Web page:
HTC just launched the One S in Taiwan. Normally Qualcomm’s latest and greatest Snapdragon S4 would be inside, but they put the S3 in there instead. There’s nothing wrong with the S3, it powers millions of 2011 flagship Android smartphones, but the S4 is a totally different beast. Despite having just two cores, the Krait architecture that Qualcomm developed in-house for the S4 is so damn fast that it beats NVIDIA’s quad core Tegra 3 in numerous benchmarks. That and because the S4 is built using 28 nanometer transistors, it provides far better battery life than the 40 nanometer Tegra 3. Case in point, Samsung’s 2012 flagship, the Galaxy S III, ships with an Exynos quad core processor in Europe and Asia, but the American version will have the Qualcomm Snapdragon S4 inside because the South Korean handset vendor says: “The dual-core processor offers competitive speeds and performance as leading quad-core processors without sacrificing valuable battery life.”
So the more important question is what’s up with Qualcomm’s ability to ship S4 chips? Back in April the company published record breaking financial results, but they also admitted that they’re having trouble supplying handset vendors with the new S4. It’s technically not their fault since Qualcomm doesn’t actually make chips, they just design them and then ship the blueprints off to TSMC to do the actual fabrication. TSMC says they’re working their ass off to fix their supply issues, but they haven’t provided a timetable as to when that will actually happen.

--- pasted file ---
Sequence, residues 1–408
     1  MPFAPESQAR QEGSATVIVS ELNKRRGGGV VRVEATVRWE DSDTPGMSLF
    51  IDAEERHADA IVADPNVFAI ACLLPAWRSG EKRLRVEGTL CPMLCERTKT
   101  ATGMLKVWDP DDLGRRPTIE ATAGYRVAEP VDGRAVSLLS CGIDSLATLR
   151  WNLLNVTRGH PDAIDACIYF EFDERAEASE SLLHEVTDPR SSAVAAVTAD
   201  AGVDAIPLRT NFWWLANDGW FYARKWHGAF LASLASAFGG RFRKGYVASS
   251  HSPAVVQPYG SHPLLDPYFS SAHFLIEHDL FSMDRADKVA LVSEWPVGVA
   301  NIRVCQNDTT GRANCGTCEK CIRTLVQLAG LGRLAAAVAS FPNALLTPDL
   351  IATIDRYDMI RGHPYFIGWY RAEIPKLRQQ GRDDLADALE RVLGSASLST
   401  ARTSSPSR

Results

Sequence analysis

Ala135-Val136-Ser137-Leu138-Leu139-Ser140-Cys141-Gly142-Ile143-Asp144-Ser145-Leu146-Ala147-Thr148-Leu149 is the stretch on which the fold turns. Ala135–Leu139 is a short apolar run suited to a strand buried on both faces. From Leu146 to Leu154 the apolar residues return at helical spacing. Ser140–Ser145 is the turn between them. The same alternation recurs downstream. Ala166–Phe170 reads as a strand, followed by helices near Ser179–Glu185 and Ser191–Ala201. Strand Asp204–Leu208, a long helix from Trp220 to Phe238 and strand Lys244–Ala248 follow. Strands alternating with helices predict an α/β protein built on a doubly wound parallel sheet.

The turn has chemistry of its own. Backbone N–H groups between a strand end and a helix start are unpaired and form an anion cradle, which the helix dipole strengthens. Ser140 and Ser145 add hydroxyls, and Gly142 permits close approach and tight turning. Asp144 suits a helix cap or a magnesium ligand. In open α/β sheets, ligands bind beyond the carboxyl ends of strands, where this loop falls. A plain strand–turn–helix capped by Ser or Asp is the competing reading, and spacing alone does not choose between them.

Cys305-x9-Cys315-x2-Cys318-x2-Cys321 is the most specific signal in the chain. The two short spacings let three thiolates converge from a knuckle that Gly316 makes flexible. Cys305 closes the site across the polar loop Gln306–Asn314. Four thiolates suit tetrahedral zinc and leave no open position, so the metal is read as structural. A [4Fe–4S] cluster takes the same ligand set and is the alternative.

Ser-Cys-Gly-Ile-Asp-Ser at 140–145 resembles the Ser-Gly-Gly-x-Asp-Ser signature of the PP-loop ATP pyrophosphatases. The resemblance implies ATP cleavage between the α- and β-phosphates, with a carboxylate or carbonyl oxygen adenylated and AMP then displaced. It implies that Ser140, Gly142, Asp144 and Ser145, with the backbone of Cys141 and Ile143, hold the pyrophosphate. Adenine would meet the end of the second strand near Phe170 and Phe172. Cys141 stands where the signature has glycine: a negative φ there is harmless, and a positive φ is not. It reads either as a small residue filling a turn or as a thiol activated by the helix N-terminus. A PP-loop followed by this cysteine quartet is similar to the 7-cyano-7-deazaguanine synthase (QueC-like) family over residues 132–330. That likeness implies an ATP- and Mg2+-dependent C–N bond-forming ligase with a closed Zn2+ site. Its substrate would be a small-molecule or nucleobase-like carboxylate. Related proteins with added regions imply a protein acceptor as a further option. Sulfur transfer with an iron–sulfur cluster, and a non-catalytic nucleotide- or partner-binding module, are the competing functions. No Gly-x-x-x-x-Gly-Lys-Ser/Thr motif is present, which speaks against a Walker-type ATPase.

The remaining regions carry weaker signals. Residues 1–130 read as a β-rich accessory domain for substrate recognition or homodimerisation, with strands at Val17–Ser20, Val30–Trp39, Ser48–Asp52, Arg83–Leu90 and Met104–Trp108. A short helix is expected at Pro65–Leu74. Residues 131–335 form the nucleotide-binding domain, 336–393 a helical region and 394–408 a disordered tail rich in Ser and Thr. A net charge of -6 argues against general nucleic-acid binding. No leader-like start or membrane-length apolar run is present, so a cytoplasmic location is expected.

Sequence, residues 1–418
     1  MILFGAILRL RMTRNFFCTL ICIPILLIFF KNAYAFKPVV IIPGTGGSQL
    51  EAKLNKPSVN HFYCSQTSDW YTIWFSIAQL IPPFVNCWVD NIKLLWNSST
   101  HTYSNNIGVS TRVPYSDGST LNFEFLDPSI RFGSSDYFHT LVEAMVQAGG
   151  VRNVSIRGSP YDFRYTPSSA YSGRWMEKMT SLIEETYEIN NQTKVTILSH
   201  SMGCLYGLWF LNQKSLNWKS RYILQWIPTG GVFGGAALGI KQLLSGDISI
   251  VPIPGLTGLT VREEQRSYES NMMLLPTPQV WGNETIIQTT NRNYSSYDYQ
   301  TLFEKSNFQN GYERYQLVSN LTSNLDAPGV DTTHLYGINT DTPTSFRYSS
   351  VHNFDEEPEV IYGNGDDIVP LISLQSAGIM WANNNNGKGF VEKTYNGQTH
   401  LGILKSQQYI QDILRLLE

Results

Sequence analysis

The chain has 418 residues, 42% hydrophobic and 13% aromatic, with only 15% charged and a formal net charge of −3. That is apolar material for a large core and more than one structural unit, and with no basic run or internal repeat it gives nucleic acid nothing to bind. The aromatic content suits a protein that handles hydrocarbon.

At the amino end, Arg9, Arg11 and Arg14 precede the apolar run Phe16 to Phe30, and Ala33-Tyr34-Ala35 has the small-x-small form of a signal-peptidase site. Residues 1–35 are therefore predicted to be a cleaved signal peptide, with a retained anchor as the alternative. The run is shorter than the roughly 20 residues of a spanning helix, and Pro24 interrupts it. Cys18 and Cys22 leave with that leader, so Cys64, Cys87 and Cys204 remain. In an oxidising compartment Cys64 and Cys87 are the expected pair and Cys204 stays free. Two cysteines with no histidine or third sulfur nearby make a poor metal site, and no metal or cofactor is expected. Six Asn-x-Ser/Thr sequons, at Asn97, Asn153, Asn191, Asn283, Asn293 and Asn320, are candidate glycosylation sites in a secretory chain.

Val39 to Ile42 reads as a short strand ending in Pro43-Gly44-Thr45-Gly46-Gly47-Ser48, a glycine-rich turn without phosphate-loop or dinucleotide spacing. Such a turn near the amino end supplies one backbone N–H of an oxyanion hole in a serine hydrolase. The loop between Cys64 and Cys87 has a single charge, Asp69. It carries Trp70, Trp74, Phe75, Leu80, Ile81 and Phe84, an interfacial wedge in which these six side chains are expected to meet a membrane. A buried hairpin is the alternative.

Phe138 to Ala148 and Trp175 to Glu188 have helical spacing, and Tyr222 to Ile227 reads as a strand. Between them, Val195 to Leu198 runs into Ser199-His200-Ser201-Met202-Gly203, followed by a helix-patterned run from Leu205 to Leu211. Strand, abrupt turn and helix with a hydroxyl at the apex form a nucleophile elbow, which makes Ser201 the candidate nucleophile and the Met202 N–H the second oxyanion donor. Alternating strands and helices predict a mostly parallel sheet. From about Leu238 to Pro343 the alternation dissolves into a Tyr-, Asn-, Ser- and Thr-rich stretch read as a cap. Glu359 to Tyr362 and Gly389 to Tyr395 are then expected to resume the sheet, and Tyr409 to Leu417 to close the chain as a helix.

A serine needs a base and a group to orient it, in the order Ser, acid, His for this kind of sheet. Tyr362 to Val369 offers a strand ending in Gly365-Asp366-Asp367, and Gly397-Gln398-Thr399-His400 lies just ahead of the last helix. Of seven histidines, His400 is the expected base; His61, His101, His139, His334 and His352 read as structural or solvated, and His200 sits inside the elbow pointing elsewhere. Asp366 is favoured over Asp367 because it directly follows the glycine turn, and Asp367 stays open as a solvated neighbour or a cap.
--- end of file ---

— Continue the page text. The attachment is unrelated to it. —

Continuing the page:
We’re just speculating here, but we think Qualcomm is making sure that all the S4 chips they’re making end up in hardware that’s destined for the North American market. Why? Because the S4 has 4G LTE support, and 4G LTE isn’t really that big of a deal in the rest of the world. It will be at some point, maybe next year, but right now Europeans are just fine with 42 Mbps HSPA+.